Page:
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Chapter 15:

Invasion of the valley of the Tennessee.— Pitts administration continued.


the capitulation of Quebec was received by
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Townshend, as though the achievement had been his own; and his narrative of the battle left out the name of Wolfe, whom he indirectly censured. He had himself come over for a single summer's campaign, to be afterwards gloried about and rewarded.1 As he hurried from the citadel, which he believed untenable, back to the secure gayeties of London, Charles Paxton, an American by birth, one of the revenue officers of Boston, ever on the alert to propitiate members of government and men of influence with ministers, purchased2 his future favor, which might bring with it that of his younger brother, by lending him money that was never to be repaid.

Such was the usage of those days. Officers of the customs gave as their excuse for habitually permitting evasions of the laws of trade, that it was their [340] only mode of getting rich; for they were ‘quartered

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upon’ by their English patrons for more than the amount of all their honest perquisites.3 Townshend returned home, to advocate governing America by concentrating power in England; and like Braddock, Sharpe, Shirley, Abercrombie, Loudoun, Gage, and so many more of his profession, to look upon taxation of the colonies by the metropolis as the exercise of a necessary duty.

In Georgia, Ellis, the able governor, who had great influence in the public offices, was studying how the colonies could be administered by the central authority. In South Carolina Lyttleton persuaded himself that he had restored the royal sway. Yet the fruits of his administration were distrust and discontent. The arbitrary manner in which he had suspended a councillor, had even made it a matter of pride with the planters of Carolina not to accept appointments to the royal council;4 and their confiding loyalty was requited by contemptuous insolence, more difficult to be endured than oppression.

While victory protected the northern frontiers of America, the South would have enjoyed unbroken repose but for the pride of Lyttleton, who at once contended with South Carolina, ‘to regain the powers of government which his predecessors,’ as he said, ‘had unfaithfully given away,’5 and awakened an Indian war by his zeal for reducing the native mountaineers to his own criminal code. He could not discern [341] in the red man's morals the eternal principles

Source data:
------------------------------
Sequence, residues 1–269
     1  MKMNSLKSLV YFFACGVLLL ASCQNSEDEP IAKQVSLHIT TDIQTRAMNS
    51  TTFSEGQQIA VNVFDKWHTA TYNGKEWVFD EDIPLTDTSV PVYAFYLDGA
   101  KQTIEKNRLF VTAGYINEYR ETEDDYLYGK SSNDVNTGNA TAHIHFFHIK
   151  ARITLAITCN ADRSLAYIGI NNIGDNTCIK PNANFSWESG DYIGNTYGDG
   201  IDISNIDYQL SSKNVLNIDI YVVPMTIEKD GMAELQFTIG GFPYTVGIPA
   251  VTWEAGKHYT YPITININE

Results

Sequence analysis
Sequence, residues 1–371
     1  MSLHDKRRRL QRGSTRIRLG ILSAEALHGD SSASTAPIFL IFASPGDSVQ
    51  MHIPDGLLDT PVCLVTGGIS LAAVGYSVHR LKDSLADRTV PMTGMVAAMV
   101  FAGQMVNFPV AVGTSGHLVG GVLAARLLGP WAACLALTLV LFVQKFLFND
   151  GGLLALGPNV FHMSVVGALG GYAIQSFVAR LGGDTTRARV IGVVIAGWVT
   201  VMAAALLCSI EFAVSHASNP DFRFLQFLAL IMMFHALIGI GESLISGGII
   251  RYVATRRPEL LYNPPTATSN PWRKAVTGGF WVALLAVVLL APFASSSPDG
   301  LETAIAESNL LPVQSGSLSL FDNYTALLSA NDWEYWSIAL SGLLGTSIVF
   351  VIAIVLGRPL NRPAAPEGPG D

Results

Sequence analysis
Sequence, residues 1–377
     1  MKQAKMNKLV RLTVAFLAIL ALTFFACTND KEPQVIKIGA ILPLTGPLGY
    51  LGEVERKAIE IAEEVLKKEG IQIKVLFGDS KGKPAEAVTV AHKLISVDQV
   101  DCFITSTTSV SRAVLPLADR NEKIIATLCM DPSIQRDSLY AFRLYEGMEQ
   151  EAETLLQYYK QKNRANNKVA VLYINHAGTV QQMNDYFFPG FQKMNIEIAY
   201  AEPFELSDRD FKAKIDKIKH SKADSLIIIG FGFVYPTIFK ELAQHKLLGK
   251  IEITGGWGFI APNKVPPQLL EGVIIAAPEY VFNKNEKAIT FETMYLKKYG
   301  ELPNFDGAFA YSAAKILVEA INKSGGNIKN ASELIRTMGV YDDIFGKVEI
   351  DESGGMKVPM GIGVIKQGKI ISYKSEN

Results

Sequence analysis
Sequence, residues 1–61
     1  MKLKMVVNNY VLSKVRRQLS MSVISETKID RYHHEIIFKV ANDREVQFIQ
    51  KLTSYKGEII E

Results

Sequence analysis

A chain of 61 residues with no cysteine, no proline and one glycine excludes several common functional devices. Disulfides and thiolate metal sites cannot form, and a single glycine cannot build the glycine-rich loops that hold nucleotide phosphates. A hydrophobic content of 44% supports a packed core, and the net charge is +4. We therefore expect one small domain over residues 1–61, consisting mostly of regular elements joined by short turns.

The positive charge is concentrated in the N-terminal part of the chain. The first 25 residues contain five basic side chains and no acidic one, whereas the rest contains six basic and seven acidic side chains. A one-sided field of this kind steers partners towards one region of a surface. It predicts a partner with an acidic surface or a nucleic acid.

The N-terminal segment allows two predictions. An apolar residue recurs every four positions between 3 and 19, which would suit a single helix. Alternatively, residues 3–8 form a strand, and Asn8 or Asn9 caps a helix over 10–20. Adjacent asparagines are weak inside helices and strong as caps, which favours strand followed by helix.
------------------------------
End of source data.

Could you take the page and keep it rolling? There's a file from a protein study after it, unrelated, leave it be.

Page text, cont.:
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which inspire all justice; and as he brought the maxims of civilized society into conflict with the unwritten law of the Cherokees, the European rule proved the most treacherous and cruel.

The Cherokees had ever been in friendship with the English, as Virginia had acknowledged in 1755 by a deputation with a present. In 1757, their warriors had volunteered to protect the American frontier south of the Potomac; yet, after they had won trophies of honor in the general service, they were disregarded by the State, and would have been left to return without reward, or even supplies of food, but for the generosity of Washington and his officers.6

The parties, which, in the following year, joined the expedition to the Ohio, were neglected, so that their hearts told them to return to their cherished highlands.7 In July, 1758, the backwoodsmen of Virginia, finding that their half-starved allies took what they needed on their way home, seized their arms, and, in three skirmishes, several of the ‘beloved men’ of the Cherokees were slain and scalped.8

The wailing of the women for their deceased relatives, at the dawn of each day and at the gray of the evening, provoked the nation to retaliate. ‘The blood of your beloved kinsmen calls for revenge,’ cried the Muskohgees; and the chiefs of the Cherokees sent out their young men to take what they deemed such just and equal vengeance as became good warriors.9 The upland settlements of North [342] Carolina ceased to be safe; of the garrison at Telli-